It’s always better to be safe than to be sorry. If you have any concerns about a product you are using, feel uncertain about training you’ve received or are worried about the condition of a machine or tools that you are using contact a member of the JHSC as soon as possible. You are protected under the Occupational Health and Safety Act which guarantees you the right to know about hazards in your workplace, the right to participate in matters that could affect your health or safety at work and the right to refuse unsafe work. If you need to know who your JHSC members are, their names should be posted on your workplace health and safety or Union bulletin board. You can ask your supervisor or you can speak to your Union Representative who will be happy to assist you.

As a worker in Ontario you have the right to refuse work that you believe is unsafe to yourself or another worker. If you believe that you are endangered by workplace violence, you may also refuse work.

Under the act, a specific prodceedure must be in followed in any work refusal. It is vital for you and your co-workers, along with employers, supervisors, members of joint health and safety committees (JHSCs) and health and safety representatives, to understand the procedure for a lawful work refusal.

Below is a flowchart from the Workers Health & Safety Centre that outlines the key steps to refuse unsafe work in Ontario. 

Here are some of the many questions that get asked about refusing unsafe work:

When can I refuse to work?

You can refuse to work if you have reason to believe that:

  • any machine, equipment or tool that you are using or are told to use is likely to endanger yourself or another worker;

  • the physical condition of the workplace or workstation is likely to endanger yourself;

  • workplace violence is likely to endanger yourself; or

  • any machine, equipment or tool that you are using, or the physical condition of the workplace, contravenes the Act or regulations and is likely to endanger yourself or another worker.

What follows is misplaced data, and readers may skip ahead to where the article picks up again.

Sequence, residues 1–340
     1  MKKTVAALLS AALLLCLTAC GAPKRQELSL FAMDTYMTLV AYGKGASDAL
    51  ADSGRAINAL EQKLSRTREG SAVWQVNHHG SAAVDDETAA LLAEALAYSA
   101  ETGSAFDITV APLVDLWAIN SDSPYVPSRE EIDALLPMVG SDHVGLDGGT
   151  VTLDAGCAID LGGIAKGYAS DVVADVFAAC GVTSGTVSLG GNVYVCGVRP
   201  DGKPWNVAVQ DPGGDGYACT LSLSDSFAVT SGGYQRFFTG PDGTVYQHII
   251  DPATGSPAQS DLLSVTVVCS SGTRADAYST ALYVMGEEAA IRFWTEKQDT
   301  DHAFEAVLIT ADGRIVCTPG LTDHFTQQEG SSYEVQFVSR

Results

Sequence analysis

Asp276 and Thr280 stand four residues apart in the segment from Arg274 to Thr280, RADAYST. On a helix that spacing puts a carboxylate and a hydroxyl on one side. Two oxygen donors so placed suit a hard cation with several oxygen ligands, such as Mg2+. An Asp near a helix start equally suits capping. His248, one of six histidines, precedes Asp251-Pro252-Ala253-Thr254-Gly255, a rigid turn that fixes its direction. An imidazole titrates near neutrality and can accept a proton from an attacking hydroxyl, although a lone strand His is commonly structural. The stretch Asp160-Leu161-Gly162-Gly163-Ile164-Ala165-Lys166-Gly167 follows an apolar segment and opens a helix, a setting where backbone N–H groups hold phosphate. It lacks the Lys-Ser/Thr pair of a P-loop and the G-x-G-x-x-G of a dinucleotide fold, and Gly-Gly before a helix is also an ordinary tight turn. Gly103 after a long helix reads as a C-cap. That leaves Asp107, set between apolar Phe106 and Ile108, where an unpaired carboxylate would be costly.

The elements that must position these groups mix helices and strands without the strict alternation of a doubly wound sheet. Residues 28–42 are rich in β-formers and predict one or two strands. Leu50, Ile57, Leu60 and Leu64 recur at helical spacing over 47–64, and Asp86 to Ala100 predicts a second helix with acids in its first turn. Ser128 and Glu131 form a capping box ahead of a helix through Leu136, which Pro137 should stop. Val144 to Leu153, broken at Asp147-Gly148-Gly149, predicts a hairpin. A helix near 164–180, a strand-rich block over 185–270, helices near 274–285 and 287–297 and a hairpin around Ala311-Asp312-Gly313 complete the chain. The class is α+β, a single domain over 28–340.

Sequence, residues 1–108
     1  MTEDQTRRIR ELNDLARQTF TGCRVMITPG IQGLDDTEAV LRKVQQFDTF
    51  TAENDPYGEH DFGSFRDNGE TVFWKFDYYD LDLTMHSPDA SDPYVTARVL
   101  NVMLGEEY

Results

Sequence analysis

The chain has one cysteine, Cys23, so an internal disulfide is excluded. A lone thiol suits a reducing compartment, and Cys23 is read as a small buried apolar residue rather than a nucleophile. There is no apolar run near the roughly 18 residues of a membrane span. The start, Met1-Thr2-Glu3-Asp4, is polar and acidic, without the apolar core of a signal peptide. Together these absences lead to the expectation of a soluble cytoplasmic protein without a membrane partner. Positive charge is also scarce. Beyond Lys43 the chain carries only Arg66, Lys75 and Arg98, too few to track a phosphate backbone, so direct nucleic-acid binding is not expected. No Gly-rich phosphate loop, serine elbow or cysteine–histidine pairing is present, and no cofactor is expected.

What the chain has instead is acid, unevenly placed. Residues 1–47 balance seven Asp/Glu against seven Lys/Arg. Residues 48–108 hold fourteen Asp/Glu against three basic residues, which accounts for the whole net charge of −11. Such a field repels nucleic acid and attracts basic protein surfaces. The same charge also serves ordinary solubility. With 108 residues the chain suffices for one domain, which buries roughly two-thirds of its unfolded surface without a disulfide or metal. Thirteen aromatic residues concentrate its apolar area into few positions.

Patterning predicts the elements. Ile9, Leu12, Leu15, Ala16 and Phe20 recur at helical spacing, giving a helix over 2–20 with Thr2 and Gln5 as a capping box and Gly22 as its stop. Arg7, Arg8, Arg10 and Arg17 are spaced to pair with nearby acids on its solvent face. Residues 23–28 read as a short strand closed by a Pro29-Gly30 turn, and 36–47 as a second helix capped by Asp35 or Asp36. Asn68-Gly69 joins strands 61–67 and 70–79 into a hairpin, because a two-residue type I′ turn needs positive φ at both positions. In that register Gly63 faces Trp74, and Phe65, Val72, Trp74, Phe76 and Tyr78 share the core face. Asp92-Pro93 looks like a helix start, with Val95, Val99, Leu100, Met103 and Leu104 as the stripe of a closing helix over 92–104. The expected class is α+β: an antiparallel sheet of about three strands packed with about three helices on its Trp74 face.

Your right to refuse unsafe work is protected in the Act (even if you had previously performed the work and did not refuse).

What are the steps to refusing unsafe work?

You must immediately tell the supervisor or employer that the work is being refused and explain the circumstances for the refusal.

The supervisor or employer must investigate the situation immediately, in the presence of you and one of the following:

  • a joint health and safety committee member who represents workers. If possible, this should be a certified member, or

  • another worker, who, because of knowledge, experience and training, has been chosen by the union to represent them.

  • You must remain in a safe place that is as near as reasonably possible to your workstation, and remain available to the employer or supervisor for the purposes of the investigation, until the investigation is completed.

  • Although not stated as such in the Act, this interval is informally known as the “first stage” of a work refusal. If the situation is resolved at this point, you will return to work.

What if I am not satisfied with the result of the first stage investigation?

You can continue to refuse the work if you have reasonable grounds for believing that the circumstances that caused you to initially refuse work continue. At this point, the “second stage” of a work refusal begins.

Can another worker be asked to do the work that was refused?

Yes, but only after the Ministry of Labour has been called.  While waiting for the inspector to investigate and give a decision on the refusal, the employer or supervisor can ask another worker to do the work that was refused. The second worker must be told that the work was refused and why. This must be done in the presence of a committee member who represents workers, or a health and safety representative, or a worker representative chosen because of knowledge, experience and training.

The second worker has the same right to refuse the work as the first worker.

Can an employer discipline me?

No. The employer is expressly prohibited from penalizing, dismissing, disciplining, suspending or threatening to do any of these things to you when you have obeyed or sought enforcement of the OHSA. 

Local 1006A members should immediately contact their Staff Representative if they are disciplined or threatened in any way for exercising their rights under the Occupational Health and Safety Act. The union will act immediately on complaints.

Related Questions

Who is responsible for Health and Safety in the Workplace?